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Bangladesh: PM Sheikh Hasina vows to maintain secularism
Meanwhile, thousands of people turned out on the streets and parks in Bangladesh to celebrate Bengali New Year.
Dhaka: Prime Minister Sheikh Hasina has vowed to maintain secularism as Bangladesh's state policy, amid countrywide celebrations on Sunday to mark the Bengali New Year, seen by right-wing Islamists as "anti-Islamic" practice.
"Bangladesh will be a non-communal democratic country... Our country will be run in keeping with the spirit of the Madinah Charter of our beloved Prophet Mohammad" that charted out principles of religious harmony and co-existence, Hasina said in a statement on the eve of the Pahela Baishakh.
Her remarks assume significance in the wake of recent large-scale protests by Islamist parties led by Jamaat-e-Islami demanding reinstatement of "absolute trust and faith in the Almighty Allah" in the constitution and capital punishment for those who would denigrate Islam and its prophet.
Meanwhile, thousands of people turned out on the streets and parks to celebrate 'Pahela Baishakh' to welcome the Bengali New year 1420. Cultural and musical groups ushered in the first day of the new year with songs and other performances at city parks, besides a big 'mongol Shobhajatra' procession by fine art students and youngsters in the capital.
Hundreds of security personnel in plain clothes enforced a sharp security vigil while anti-crime Rapid Action Battalion (RAB) and police were on alert, authorities said. "This is a routine security measure... but we are alert against any move by extreme right-wing Islamists or militant groups to ruin the celebration of the secular festival," a police spokesman told reporters.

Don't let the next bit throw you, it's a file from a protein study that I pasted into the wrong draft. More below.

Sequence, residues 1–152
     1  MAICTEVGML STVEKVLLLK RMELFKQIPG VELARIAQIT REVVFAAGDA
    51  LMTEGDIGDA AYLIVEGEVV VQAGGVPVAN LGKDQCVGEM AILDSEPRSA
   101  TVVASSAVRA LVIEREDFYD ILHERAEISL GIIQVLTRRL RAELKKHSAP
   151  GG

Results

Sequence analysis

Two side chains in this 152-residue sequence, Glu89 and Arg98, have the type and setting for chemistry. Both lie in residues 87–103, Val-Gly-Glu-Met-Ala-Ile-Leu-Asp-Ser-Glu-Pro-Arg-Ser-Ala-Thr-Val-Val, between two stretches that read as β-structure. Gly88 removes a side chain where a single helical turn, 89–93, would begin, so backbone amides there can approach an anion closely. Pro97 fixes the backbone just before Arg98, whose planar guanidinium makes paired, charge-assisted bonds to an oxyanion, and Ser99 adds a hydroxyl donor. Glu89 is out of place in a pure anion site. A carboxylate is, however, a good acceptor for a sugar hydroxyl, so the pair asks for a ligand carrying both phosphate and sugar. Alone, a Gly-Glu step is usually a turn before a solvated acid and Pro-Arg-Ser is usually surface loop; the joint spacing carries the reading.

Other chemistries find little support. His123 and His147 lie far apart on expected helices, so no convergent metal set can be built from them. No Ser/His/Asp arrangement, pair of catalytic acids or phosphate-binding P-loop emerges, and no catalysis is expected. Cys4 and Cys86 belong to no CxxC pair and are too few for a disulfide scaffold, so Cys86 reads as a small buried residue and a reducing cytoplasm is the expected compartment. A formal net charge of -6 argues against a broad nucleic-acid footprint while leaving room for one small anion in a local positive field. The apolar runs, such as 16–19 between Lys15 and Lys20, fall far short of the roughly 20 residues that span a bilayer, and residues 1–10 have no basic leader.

But the tight security did not deter people's enthusiasm as men in traditional Punjabi wear and women in white and red saris joined children in the celebrations. The Pahela Baishakh celebrations witnessed a major setback in 2001 when Islamist militants carried out a bomb attack killing 10 people and injuring many others.
With nearly 99 per cent population speaking in Bangla and giving the nation a repute of being a homogeneous one, the Pahela Baishakh celebrations started from Mughal Emperor Akbar's reign.
According to the traditional practices particularly in rural Bangladesh it is still customary to clear all dues on the last day of the Bengali month of Chaitra with businessmen opening "halkhata" or new book of accounts in their shops on Pahela Baishakh.
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